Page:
Ok, maybe not the factory managers, but new product development teams certainly do, and customers and consumers definitely do. Innovation is a great way to differentiate yourselves from the competition.
The question is…. how do you know what to launch, and how do you monitor success throughout the life of a product?
If you've ever been involved in developing food, you'll be well aware of the mountains of paperwork, spreadsheets and presentations that have become a necessary part of the product development process. It's often difficult to keep an eye on everything, and when it comes to redeveloping an existing product, or developing a new one, the paper files and spreadsheet trackers come out, and so begins the inevitable task of piecing everything together, trying to understand what’s been happening for the past year, and trying to give your new product the best possible chance of success.
In November, I attended the Food and Drink Quality and Safety Summit in Birmingham. Not only was it great to see so many industry experts, but it was also nice to be back in the (general) area that I grew up in. One of the key themes, for the talks that I attended, was that of product innovation in product development. This always appeals to me, as I was a Product Development Manager before I joined S4RB. I love the fast-moving categories, such as chilled ready meals, and party food. You only have to look at the wonderful creations that appear on Christmas adverts to see the amazing innovations across the marketplace. The competition is fierce, and in order to succeed, you need to focus on developing competitive products, and not wading through mountains of paperwork, trying to find the answer to any number of questions. You want all the information in one place, to allow you to make constructive decisions.
In the UK, the scale of private brands is immense. They span each category, and play a vital role in satisfying customer-demand, and driving category growth. Whether that's upgrading an existing product, or launching a really innovative product that completely pushes the boundaries.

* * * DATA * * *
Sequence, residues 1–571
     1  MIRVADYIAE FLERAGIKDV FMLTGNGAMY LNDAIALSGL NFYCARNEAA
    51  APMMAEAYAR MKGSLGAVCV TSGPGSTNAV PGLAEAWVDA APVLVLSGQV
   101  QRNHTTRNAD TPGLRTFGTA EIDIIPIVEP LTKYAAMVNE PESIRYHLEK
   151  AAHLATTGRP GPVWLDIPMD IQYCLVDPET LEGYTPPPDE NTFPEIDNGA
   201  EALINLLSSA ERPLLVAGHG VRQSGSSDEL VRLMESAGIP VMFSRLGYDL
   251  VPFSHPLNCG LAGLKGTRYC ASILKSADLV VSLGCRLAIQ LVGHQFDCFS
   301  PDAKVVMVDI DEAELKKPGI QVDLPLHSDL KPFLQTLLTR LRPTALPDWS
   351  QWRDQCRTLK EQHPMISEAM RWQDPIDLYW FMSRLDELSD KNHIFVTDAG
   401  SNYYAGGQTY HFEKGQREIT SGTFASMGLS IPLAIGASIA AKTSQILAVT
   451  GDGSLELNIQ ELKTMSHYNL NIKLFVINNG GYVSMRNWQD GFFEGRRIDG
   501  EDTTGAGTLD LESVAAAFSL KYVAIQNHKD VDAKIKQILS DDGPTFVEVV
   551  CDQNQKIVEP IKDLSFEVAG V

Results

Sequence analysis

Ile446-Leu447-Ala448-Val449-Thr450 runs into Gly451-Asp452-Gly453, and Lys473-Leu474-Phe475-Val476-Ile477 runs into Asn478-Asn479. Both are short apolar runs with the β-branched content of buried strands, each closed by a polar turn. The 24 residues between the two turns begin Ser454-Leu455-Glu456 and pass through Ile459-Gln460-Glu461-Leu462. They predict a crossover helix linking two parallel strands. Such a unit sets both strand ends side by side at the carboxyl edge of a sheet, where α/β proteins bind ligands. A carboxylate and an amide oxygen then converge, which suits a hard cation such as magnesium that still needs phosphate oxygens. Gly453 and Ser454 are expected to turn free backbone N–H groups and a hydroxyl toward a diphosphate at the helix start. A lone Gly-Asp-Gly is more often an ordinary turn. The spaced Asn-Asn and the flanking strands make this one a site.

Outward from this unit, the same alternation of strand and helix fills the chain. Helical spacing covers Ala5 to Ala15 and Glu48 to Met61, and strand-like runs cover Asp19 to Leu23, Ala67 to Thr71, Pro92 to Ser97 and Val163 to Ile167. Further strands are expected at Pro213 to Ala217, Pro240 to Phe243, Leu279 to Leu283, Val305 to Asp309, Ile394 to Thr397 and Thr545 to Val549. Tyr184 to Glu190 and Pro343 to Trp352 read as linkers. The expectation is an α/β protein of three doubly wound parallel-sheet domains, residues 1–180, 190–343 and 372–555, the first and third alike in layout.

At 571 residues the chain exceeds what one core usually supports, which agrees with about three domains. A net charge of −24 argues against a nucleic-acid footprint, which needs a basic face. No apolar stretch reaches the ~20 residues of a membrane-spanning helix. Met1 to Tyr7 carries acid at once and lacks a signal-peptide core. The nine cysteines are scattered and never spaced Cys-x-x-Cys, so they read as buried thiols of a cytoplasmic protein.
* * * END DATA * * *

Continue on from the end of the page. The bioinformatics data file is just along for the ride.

One of the biggest challenges is the vast amount of information that's required to effectively develop products, and to monitor performance throughout the life of the product. There's the obvious ones, like product benchmarking tests, sales figures and complaints but what about the less obvious ones, such as online reviews, depot quality checks, and the sensory and insight panels that trusted partners have conducted? There are so many sources of data and unless you have the time to filter through all of them, it's a really difficult and time-consuming job to pull everything together.
Everything comes in a different format, too. Spreadsheets, PDFs, text documents and photographs might be saved centrally, but there's a good chance that some are still with suppliers, some are on email, and some will need chasing. Suddenly, trying to find everything quickly and easily becomes a time-consuming task, and that's just for one product. When you consider the time taken for a whole range of products (remember the vast number of Christmas products that you've just written into the product development brief?), the task of finding and collating information becomes an onerous one.
Imagine a world where sales, complaints, reviews and product tests all come together in one place. With S4RB’s Affinity™ platform, all of this is possible. We take the data feeds that are important to you, and collate them into One View. We make it possible to view individual product performance for sales, feedback, quality and consistency - a ‘product scorecard’ if you will –or to look at the performance of a whole range, or category. Now, all of the data that used to take hours or days to collate can be accessed quickly and easily, allowing the time saved to be used to 'do the doing', reviewing what requires focus (and what doesn't) and, ultimately, getting one step closer to being ahead of the competitors, whether that's redeveloping an existing line, or launching the most innovative product the customer has ever seen. Remember the Christmas products? Yours might just be appearing on next year's TV advert (but no promises!).
Further reading: What do we mean by private brand product performance?